Polyesters suitable for the invention are available on the market. Examples of them include copolymerized esters of Hytrel manufactured of du Pont Co., Ltd., polymers of Galflex manufactured by GAF Co., Ltd., and Adecasizer RS series manufactured by Asahi Denka Kogyo Co., Ltd.

The kind of the polymer principally composed of the vinyl ester advantageously used in the invention is not specifically limited as long as the polymer does not cause phase separation. As the monomer forming the polymer principally composed of the vinyl ester, vinyl acetate, vinyl propionate, vinyl butylate, vinyl isobutylate, vinyl venerianate, iso-valerianate, vinyl methylethylacetate, vinyl pivarate, vinyl caproate, vinyl isocaproate, vinyl enanthate, vinyl caprilate, vinyl caprate, vinyl laurate and vinyl myristate can be cited. Here, the polymer principally composed of vinyl ester is a polymer containing not less than 40% by weight of the vinyl ester. As the copolymerizing component of the vinyl ester, a vinyl ether such as methyl vinyl ether, ethyl vinyl ether, propyl vinyl ether and butyl vinyl ether, a vinyl ketone such as methyl vinyl ketone, ethyl vinyl ketone, propyl vinyl ketone and butyl vinyl ketone, an acylate or methacrylate such as methyl acrylate, ethyl acrylate, propyl acrylate, butyl acrylate, pentyl acrylate, hexyl acrylate, 2-ethylhexyl acrylate, 2-hydroethylhexyl acrylate, cyclohexyl acrylate, heptyl acrylate, octyl acrylate, benzyl acrylate, phenetyl acrylate and those in which the acrylic acid is replaced by methacrylic acid can be cited. Other than the above monomers, a monomer such as a maleate, fumarate, vinyl chloride and butadiene are applicable as the copolymerization component.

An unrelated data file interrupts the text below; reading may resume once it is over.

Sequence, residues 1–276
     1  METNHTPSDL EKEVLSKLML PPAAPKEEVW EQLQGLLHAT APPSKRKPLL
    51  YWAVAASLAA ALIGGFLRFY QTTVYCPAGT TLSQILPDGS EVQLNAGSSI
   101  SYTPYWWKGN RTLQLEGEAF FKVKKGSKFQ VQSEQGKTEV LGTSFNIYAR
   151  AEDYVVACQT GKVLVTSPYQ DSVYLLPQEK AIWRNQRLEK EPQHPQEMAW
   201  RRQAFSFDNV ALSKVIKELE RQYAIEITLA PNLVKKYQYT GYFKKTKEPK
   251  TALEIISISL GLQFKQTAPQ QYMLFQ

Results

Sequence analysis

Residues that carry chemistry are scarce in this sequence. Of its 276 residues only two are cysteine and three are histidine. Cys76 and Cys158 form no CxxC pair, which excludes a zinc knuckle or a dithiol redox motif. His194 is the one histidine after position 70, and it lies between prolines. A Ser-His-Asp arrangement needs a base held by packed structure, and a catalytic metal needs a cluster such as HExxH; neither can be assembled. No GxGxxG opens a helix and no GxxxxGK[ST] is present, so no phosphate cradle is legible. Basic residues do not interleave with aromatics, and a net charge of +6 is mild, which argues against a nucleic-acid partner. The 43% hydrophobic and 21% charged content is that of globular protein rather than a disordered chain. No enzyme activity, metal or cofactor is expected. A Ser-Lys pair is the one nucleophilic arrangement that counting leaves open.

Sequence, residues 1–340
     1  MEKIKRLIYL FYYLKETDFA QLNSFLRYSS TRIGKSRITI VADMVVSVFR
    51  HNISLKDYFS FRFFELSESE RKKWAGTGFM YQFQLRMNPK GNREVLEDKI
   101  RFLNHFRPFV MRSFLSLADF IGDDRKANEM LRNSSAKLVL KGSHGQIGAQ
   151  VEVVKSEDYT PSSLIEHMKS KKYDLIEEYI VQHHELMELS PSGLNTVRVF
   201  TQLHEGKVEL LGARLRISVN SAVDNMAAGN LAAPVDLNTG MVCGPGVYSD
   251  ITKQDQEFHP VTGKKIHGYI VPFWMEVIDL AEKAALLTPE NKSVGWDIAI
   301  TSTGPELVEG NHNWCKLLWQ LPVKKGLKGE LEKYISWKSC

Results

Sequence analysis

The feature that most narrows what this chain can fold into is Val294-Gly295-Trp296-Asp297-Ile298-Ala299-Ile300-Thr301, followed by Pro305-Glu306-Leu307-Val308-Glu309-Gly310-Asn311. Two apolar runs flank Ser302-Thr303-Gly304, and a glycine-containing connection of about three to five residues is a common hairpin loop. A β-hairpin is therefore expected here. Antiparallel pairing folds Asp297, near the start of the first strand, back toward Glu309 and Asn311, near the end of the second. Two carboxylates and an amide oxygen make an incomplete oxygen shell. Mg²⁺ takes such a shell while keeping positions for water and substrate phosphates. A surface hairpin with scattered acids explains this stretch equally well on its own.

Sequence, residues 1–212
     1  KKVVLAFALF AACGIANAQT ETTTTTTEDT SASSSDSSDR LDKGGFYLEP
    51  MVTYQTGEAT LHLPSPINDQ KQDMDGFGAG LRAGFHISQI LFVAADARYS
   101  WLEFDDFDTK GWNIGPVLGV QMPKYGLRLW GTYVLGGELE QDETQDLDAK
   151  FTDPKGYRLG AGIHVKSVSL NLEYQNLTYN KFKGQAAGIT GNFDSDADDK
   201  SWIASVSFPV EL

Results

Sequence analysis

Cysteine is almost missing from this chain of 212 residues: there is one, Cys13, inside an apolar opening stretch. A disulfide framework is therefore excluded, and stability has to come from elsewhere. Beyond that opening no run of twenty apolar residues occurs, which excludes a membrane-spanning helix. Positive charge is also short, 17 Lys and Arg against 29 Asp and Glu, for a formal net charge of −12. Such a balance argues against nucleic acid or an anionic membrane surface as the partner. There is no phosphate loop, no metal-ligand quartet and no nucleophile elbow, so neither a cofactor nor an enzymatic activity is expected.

Cellulose ester to be used in the invention is obtained by polycondensation reaction of a glycol (a) having an average carbon number of from 2 to 3.5 and a dibasic acid (b) having an average carbon number of from 4 to 4.5. It is also preferable that the cellulose ester contains polyester having a number average molecular weight Mn of from 1,500 to 10,000.

The above polyester is produced by usual method such as dehydration condensation of a glycol (a) having an average carbon number of from 2 to 3.5 and a dibasic acid (b) having an average carbon number of from 4 to 5.5 or by addition and polycondensation of such the glycol (a) and a dibasic acid anhydrate (b).

Examples of the glycol (a) include ethylene glycol, diethylene glycol, 1,2-propylene glycol, 1,3-propylene glycol, 2-methyl-1,3-propanediol, 1,4-butylene glycol, neopentyl glycol, 3-methyl-1,5-pentanediol and 1,6-hexanediol, which may be used singly or in combination of two or more kinds thereof. For example, ethylene glycol or a mixture of ethylene glycol and diethylene glycol are particularly preferably used.

As to the above glycol (a), it is important that the average number of carbon atom is within the range of from 2 to 3.5. When the average carbon atom number of the glycol (a) is less than 2, polyester is difficulty produced. When the average carbon number is larger than 3.5, a cellulose ester improving agent inferior in the compatibility with cellulose and cellulose film inferior in the physical property such as transparency are obtained. The average carbon atom number of the glycol (a) is preferably 2.1 to 2.8 or 3.2 to 3.5. Polyester having crystallinity and melting point near those of usually used one can be obtained and the production efficiency of itself can be improved by the use of the glycol having the carbon atom number within such the range.